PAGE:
WINNIPEG (TREATY 1, - HOMELAND OF THE RED RIVER METIS) - Following on the most recent in a tragic series of home care stories in the media, the Manitoba Health Coalition (MHC) has joined with several health care unions with members in home care delivery to call on the Stefanson PC government to stop hiding the disaster unfolding in Manitoba’s home care system and provide families with accurate and up-to-date program information.
“Too often, we are only learning about the tragic outcomes in Manitoba home care because clients and/or their families are desperate enough to go to the media,” said Thomas Linner, Provincial Director of the MHC. “It shouldn't have to be this way. Families shouldn’t be left in the dark as to what is happening with the services they count on. We need to ensure that the people who need these services are receiving them, regardless of their ability to pay - and that there is accountability for when those needs are not met.”
Home care in Manitoba was once the gold standard for all of Canada precisely because it was a comprehensive, universal, public service. Cuts to public home care under the Pallister and now Stefanson governments, in tandem with the increased priority placed on for-profit delivery, has left many Manitobans with expensive private care, unreliable care, or no care at all.
The explosion of privately delivered home care is particularly concerning in Manitoba, given that, as stated on Manitoba Health’s Home Care FAQ: “Manitoba Health does not license private Home Care companies or agencies.” Added to this, as MHC has previously noted, the government has appointed a representative with ties to a prominent private home care agency to the Shared Health Board of Directors.
MHC is calling on the provincial government to move quickly to license all private health care staffing companies and agencies in Manitoba, including those providing home care. This should include an accessible, online public listing of all private health care staffing and home care companies or agencies operating in Manitoba, broken down by regional health authority (RHA), including:
- Disclosure of the ownership senior executives of each company or agency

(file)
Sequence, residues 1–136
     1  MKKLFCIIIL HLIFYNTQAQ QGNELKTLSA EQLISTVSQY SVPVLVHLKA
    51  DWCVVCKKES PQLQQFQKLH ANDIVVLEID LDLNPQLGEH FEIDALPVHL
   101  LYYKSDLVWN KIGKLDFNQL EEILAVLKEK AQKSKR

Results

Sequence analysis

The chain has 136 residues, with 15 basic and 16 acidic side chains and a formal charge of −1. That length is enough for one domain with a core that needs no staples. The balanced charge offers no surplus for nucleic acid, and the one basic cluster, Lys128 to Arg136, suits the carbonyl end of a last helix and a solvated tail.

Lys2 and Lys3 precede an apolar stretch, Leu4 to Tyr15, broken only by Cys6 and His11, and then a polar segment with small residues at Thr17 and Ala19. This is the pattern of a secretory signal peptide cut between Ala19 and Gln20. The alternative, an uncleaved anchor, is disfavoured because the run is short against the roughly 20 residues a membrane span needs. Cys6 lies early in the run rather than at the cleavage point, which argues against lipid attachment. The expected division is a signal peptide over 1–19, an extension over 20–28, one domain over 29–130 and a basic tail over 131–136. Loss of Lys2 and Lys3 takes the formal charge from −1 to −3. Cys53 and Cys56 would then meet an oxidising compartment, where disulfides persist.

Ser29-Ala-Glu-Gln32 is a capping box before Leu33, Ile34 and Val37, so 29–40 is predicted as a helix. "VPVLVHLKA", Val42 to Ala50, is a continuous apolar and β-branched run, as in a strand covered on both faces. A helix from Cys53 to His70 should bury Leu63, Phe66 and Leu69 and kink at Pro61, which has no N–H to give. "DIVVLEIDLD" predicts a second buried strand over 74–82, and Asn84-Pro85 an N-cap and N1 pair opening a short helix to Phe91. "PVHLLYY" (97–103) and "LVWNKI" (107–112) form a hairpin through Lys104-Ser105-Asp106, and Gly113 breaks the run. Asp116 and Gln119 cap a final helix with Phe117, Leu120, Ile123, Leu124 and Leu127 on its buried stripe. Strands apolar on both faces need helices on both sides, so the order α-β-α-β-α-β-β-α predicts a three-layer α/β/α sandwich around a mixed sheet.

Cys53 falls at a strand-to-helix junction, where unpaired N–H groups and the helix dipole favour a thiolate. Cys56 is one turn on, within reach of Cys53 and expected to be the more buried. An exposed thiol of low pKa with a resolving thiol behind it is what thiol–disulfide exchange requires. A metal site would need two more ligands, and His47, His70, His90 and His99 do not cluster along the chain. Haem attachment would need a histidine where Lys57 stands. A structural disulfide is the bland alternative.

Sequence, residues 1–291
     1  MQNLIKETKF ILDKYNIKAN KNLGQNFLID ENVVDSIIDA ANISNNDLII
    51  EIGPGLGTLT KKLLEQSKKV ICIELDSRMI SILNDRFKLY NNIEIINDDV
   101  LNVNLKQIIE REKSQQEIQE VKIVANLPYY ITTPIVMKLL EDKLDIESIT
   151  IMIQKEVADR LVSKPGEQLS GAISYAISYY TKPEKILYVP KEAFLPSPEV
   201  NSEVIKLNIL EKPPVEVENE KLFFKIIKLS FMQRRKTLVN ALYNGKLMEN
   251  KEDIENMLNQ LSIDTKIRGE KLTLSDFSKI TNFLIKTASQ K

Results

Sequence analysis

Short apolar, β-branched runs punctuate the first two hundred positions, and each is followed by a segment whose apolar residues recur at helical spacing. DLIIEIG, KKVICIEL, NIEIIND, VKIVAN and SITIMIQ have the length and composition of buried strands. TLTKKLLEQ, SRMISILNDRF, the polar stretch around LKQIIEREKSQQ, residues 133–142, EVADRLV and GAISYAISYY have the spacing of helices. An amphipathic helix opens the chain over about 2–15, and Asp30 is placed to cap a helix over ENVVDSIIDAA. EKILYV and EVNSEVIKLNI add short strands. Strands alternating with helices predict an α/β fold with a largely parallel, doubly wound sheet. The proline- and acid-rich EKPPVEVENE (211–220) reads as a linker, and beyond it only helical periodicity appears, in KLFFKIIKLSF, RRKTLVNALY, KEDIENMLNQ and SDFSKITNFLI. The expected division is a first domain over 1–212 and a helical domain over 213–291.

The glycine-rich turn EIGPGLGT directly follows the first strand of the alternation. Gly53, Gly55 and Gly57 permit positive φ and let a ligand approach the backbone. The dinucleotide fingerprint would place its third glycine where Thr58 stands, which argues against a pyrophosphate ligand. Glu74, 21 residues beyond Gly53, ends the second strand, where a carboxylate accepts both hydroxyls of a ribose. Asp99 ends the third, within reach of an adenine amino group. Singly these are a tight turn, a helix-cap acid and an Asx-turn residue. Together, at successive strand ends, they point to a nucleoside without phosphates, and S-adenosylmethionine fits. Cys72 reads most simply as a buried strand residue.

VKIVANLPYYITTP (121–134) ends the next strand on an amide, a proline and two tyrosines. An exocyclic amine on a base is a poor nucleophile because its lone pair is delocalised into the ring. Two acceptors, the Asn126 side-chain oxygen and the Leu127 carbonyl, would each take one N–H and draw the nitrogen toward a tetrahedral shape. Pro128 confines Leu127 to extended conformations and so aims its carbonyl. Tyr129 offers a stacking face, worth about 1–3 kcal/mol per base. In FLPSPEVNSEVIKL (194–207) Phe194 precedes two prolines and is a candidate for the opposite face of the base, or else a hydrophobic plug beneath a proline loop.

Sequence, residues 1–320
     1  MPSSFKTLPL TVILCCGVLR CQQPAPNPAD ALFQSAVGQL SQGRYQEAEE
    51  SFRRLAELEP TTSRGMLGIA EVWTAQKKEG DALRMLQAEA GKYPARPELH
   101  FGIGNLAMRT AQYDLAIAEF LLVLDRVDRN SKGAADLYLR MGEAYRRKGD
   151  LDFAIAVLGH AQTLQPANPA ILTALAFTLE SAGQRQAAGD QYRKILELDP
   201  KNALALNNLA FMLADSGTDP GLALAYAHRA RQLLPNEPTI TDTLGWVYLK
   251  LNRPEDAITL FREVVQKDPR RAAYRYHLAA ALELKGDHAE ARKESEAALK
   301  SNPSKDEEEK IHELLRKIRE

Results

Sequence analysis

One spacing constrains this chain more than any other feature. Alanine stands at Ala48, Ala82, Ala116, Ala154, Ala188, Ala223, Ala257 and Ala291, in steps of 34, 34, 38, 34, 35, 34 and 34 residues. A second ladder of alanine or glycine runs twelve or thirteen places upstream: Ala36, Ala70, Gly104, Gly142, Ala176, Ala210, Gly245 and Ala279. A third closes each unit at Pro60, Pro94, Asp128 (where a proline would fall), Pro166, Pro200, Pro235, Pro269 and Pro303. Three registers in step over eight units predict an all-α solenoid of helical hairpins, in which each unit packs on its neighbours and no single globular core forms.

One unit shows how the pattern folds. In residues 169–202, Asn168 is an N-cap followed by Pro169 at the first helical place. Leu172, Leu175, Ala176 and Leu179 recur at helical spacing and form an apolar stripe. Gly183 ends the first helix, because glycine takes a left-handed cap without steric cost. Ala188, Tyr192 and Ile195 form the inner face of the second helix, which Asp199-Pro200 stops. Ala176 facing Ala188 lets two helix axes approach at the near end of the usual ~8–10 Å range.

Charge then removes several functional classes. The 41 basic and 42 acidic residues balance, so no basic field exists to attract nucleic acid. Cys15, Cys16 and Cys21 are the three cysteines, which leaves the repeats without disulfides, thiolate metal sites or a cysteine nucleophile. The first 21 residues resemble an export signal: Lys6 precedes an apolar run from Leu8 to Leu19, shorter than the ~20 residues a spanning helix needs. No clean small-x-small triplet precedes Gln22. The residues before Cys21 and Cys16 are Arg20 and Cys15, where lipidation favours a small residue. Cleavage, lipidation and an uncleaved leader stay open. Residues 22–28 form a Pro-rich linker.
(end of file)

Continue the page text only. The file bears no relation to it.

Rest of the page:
- The number of health care and home care workers for each company or agency, broken down by position
As part of this public listing, MHC is calling on the provincial government to provide Manitoba families with detailed program information in regards to home care, including:
- The number of home care appointments administered by private home care companies or agencies operating in Manitoba, by RHA
- The public home care staffing shortage in each Regional Health Authority, broken down by position
- The number of missed appointments in the public system for each RHA, broken down by type of appointment
- The number of missed appointments by private companies or agencies for each RHA, broken down by type of appointment
“The provincial government has not stepped up to ensure the home care program is properly staffed,”said Debbie Boissoneault, President of CUPE 204. “Home care workers feel that they, and the people they provide care for, are being neglected by this government.”
“Nurses are witnessing first-hand the decline in home care supports for Manitobans due to the staffing shortage and other issues affecting this vital service, and our hearts go out to the families experiencing these difficulties,” said MNU President Darlene Jackson. “If our provincial government does indeed want Manitobans to be able to receive the care they need at home, then home care must be prioritized immediately.”
“Our members serve clients in mostly rural areas, and we are worried that too many are suffering in silence,” said Kyle Ross, President of MGEU. “We need a real, open and transparent process to find out what is going on and how we can fix it.”
“Allied health professionals working in home care are deeply concerned for their clients well-being as caseloads increase without any additional resources,” said Jason Linklater, president of the Manitoba Association of Health Care Professionals.” Publicly-delivered home care is in desperate need of immediate investments.”
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